Does it even matter? Even if you never get this… even if you do get this but never respond… Those moments when I see you and know that you love me, even if you can never feel me… Those moments make me think I can hold Our Dark Friend at bay one more day.

But most of the time I’m at the diner. Eric keeps pulling me back there. I think of the Tom Waits song about a diner… Maybe even this diner. His words haunt me:

I'm a refugee from a disconcerted affair
As the lead pipe morning falls
And the waitress calls

<– Back to Chapter 9


I’ve been 86ed from your scheme

Nothing inspires my writing like pain. Pain is the caffeine to my writer-soul. And that is why I am already drafting the outline to Chapter 10 of The Presumption of Darkness.

It’s not just personal pain, although there is a ton of that. (You’re the only one I see, Precious.)

I got shook up good by the Pittsburgh shootings. I’m probably the worst Jew you’ve ever met. I feel more at home in a Charismatic Evangelical church than I’d feel in even the most liberal of synagogues. And yet, I am probably Jewish enough that Robert Gregory Bowers wouldn’t have thought twice about putting a bullet in my head.

And The Proud Boys, and Patriot Prayer, and Florida Man… These people wouldn’t have spared me.

So, this year I voted against roving gangs of right wing thugs. And don’t tell me the Republican Party has nothing to do with this. All their dog whistling is coming home to roost. It’s easy to keep the populace in terror. All you have to do is blow that dog whistle a few times and you keep all the dirty blood off your hands.

Anyway, the race here in Texas is turning into a nail biter.

I’m fucked up over it. Just like I’m fucked up over bad news received by a Twitter DM.

I’m trying to put this high-grade pain and anxiety into the next chapter of PoD. Sammy is cast adrift, missing his heart… And he winds up in a diner.

As the Tom Waits song goes, he and I have:

been 86ed from your scheme

I’m in a melodramatic nocturnal scene

Sammy and I can both say:

I’m a refugee from a disconcerted affair

As the lead pipe morning falls

And the waitress calls

Anyway, what gives y’all the motivation to write? Fame and fortune? A message to share? Some mysterious impulse you can’t explain?



The Presumption of Darkness – Part 9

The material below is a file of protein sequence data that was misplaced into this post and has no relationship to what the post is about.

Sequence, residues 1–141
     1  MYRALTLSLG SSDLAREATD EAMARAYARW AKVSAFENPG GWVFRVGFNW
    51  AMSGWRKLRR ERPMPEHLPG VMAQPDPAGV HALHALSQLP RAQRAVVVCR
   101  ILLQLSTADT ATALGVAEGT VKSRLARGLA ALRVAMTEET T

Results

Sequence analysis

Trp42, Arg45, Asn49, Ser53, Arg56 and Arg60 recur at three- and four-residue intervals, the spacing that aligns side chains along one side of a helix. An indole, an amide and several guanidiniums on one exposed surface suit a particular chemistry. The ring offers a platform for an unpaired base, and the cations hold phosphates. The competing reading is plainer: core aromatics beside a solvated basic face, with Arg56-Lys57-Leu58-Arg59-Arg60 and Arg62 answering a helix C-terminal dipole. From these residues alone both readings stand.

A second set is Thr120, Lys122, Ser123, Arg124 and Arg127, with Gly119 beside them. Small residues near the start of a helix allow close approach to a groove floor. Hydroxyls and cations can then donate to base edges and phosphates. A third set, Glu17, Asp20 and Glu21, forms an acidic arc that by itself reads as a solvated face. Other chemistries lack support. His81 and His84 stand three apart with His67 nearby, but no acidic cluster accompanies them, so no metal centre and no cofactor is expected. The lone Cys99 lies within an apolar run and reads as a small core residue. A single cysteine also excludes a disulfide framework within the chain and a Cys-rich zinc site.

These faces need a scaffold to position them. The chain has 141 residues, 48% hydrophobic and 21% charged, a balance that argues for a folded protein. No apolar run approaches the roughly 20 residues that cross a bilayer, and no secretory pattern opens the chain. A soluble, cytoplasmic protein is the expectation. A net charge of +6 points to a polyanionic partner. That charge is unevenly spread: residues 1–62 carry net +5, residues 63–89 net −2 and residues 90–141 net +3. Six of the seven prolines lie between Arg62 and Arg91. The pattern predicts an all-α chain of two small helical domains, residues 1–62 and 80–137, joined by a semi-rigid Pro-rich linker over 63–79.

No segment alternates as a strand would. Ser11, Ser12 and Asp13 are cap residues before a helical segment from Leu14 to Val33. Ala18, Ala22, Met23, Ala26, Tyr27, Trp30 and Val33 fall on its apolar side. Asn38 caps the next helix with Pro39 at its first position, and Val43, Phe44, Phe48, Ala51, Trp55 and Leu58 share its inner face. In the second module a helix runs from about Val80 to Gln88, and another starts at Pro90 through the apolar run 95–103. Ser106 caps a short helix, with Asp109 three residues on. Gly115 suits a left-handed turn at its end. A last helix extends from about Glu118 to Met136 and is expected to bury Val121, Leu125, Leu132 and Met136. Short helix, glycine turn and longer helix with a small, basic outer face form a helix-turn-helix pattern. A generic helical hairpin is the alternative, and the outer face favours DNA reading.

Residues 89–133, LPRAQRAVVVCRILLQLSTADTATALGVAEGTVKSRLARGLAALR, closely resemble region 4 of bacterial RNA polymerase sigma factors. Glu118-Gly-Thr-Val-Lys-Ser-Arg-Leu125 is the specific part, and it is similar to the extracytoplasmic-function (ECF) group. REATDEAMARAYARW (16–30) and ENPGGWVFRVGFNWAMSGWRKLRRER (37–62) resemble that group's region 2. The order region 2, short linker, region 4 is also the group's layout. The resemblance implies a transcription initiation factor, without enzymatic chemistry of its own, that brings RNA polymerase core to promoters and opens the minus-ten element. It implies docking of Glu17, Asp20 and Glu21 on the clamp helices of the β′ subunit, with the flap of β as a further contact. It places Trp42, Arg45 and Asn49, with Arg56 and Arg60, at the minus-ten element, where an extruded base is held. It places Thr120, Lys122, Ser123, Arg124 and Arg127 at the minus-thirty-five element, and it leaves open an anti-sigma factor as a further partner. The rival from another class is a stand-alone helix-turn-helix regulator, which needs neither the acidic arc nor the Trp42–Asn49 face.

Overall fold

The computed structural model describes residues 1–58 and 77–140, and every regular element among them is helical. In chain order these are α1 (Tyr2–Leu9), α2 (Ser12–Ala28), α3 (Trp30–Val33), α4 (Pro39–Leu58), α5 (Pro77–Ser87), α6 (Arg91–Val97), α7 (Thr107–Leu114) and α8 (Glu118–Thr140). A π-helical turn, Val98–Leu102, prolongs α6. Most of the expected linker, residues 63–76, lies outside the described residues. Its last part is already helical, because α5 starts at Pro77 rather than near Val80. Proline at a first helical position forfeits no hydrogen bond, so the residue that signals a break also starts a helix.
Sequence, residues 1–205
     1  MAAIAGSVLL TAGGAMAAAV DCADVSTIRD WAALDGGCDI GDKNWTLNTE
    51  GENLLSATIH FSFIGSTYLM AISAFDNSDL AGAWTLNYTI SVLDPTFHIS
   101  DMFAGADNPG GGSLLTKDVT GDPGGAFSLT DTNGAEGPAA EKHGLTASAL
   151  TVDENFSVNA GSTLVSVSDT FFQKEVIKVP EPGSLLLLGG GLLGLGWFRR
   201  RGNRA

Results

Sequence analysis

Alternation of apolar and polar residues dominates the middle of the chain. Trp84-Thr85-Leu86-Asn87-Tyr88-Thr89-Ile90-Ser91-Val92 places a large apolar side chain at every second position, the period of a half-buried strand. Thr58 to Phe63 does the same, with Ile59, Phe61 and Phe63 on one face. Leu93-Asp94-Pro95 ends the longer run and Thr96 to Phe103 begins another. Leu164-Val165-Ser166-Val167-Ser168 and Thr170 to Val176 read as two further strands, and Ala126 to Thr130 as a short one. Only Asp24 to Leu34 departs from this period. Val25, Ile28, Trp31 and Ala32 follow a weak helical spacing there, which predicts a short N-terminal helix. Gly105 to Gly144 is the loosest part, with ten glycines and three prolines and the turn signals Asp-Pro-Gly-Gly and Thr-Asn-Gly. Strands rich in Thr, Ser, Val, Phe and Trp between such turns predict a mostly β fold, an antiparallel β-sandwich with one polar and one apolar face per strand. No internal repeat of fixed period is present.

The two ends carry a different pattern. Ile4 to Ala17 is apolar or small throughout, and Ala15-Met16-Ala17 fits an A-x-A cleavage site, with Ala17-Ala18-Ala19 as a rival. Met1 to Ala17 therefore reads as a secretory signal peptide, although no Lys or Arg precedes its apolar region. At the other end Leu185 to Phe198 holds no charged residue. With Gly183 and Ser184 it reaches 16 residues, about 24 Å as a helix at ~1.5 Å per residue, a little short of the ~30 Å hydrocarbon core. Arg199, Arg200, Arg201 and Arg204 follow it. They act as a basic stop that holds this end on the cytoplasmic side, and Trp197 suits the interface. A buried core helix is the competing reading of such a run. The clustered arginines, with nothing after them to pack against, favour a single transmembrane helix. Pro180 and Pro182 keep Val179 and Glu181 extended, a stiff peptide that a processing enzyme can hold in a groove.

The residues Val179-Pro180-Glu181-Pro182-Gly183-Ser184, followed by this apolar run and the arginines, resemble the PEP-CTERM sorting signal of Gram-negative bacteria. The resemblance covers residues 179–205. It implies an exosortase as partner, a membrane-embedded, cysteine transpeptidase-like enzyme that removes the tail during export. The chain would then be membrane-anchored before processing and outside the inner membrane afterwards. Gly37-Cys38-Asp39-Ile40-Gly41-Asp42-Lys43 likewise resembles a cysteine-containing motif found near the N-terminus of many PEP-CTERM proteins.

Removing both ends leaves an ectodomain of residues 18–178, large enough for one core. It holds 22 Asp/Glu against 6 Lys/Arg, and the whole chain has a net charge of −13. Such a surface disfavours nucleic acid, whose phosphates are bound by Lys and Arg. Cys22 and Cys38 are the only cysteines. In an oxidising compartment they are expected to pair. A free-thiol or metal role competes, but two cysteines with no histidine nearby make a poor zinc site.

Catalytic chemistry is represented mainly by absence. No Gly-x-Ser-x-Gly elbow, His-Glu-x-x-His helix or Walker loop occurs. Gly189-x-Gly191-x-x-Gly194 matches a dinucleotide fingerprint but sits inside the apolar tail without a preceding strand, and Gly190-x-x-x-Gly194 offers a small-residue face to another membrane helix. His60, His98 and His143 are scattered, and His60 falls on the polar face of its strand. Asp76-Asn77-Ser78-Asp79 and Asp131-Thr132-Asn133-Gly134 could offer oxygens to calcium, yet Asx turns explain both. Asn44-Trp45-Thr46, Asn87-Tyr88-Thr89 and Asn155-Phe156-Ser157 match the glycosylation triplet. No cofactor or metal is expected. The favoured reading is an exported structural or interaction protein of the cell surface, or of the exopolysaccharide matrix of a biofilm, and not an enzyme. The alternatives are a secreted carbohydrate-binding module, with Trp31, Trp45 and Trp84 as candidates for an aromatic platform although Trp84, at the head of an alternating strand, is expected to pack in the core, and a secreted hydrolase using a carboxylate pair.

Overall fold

Here’s the link to read from the beginning Part 1

Working Title: The Presumption of Darkness

Word Count: 2,300 (approx)

Reading time for average reader: 12 minutes

Part 9


I don’t know if you will get this message, my precious Cassie, but I have to try. Every day I think of driving out to California, dragging you to my truck – peacefully or kicking and screaming, it matters not – and heading to the mountains so we can watch the world burn together.

Abby has gotten worse. She works still, but mostly from her bed. And she reads and reads. The other day she called me, her voice faint. I thought I had imagined it but went into the bedroom to make sure.

She was propped up against the headboard, pale as a ghost. As soon as I walked through the door she started to read to me:

Though the fig tree does not blossom,
    and no fruit is on the vines;
though the produce of the olive fails,
    and the fields yield no food;
though the flock is cut off from the fold,
    and there is no herd in the stalls,
yet I will rejoice in the Lord;
    I will exult in the God of my salvation.
God, the Lord, is my strength;
    he makes my feet like the feet of a deer,
    and makes me tread upon the heights.

“One of the minor prophets, I think,” I said.

“Habakkuk, chapter 3.” She closed her bible and stared at me.

What do you want from me, Abby? “I’ve been cheating on you, and now you’re dying. Are you sure you want to keep on praising the Lord?”

She sighed. “Sammy, you sound just like Job’s wife. You want me to curse God and die? And why, exactly? So you can be free to ruin Cassie’s marriage? I didn’t lose you to the jungle for years and then nurse you back to sanity to let you start destroying everyone around you. I will not go quite that gently.”

I turned around and left. What is left for me to say?

Do you really think I could have saved Eric? I don’t see what I could have done. I saw his death. Our Dark Friend tore him to shreds. When the world is too quiet, I sometimes still hear his screams. I don’t know why anyone would think there is anything I could have done. But if I could have saved him… It’s almost too horrible for me to consider.

If I could put him to rest now, I would. He has become even eviler.

You ask if you are still my young damsel, and yet you are pushing me away. If I told you about the gaping wound you’ve left in my chest, would it stop you? Or, more to the point, should it stop you? Will you even hear me if I tell you?

Why didn’t I tell you I was Jewish… I was a different person before I met Eric. He trashed anything that was left of that good Jewish boy. He even trashed the Christian in me. Now, I’m just a debauched psychic stalker. I’m your debauched psychic stalker.